Knitted muscles could make clothes that help us move

Artificial, external muscles made of fabric could help people with impaired mobility.

Researchers have created muscle-like textiles that move in response to electrical signals, a technology that shows promise for future innovations in clothing and mobility assistance. Presented in Science Advances, the fabric is made from cellulose yarn and was knitted and woven into structures inspired by actual muscle fibers. In a process similar to dying, researchers then dipped the fabric in an electroactive material to make it move in response to low-voltage electrical signals.

Force measurement of the knitted textile. Credit: Thor Balkhed/Linköping University

The textile works by harnessing the properties that real muscles use to move our bodies. Though the process is different at a molecular level, many of the same mechanical principles apply. “Like a muscle, the actuation is triggered by an electrical potential, driven by a chemical reaction, and operated in an electrolyte,” says study author Edwin Jager, an applied physicist at Linköping University.

The knitted version of the textile is more flexible, while the woven version can exert more force. This is because the woven fibers, like those in our muscles, are coupled in parallel. “In this case, the extension of the fabric is the same as that of the individual threads. But what happens is that the force developed is much higher when the threads are connected in parallel in the weave,” explains Nils-Krister Persson of the Swedish School of Textiles at the University of Borås.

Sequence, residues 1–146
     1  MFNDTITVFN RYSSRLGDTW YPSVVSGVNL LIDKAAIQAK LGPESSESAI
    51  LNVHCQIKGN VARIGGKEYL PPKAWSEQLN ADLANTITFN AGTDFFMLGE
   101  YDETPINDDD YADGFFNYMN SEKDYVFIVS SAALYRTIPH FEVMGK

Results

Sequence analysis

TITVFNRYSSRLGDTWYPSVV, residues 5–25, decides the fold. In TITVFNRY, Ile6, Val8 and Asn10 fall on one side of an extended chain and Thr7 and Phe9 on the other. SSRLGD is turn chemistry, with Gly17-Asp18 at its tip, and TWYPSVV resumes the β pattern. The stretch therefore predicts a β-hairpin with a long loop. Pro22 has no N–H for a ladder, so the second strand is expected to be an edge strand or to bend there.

Among other applications in soft robotics, the researchers anticipate that muscle-like textiles can be sewn into clothing to help people with limited mobility. This would provide a more comfortable alternative to rigid exoskeleton devices driven by motors or pressurized air. “We envision that textile actuators can be integrated into a sleeve or something resembling running tights that can be worn—hidden—under your clothes,” says Jager.

Conceptual model of a textile exoskeleton with the textile actuator (black) on an elastic elbow sleeve (white). Credit: Thor Balkhed/Linköping University

Before you throw away your running tights, Jager cautions that getting to that point will require more work and refinements: “This is only a first demonstration, and there is still much to prove. We want to investigate the effect of different knitting and weaving patterns. With respect to the electroactive material, we want to have it operate in air; it currently requires an electrolyte.” For now, though, the researchers have demonstrated that the textile muscles do indeed work. They were able to move a LEGO lever arm, and lift a two-gram weight.

“I hope that this work will inspire others to look into the possibilities of textile technology,” says Jager. “My collaborators have taught me that textiles, ubiquitous as they are, can truly be high-tech technology.”

Featured image courtesy of Thor Balkhed/Linköping University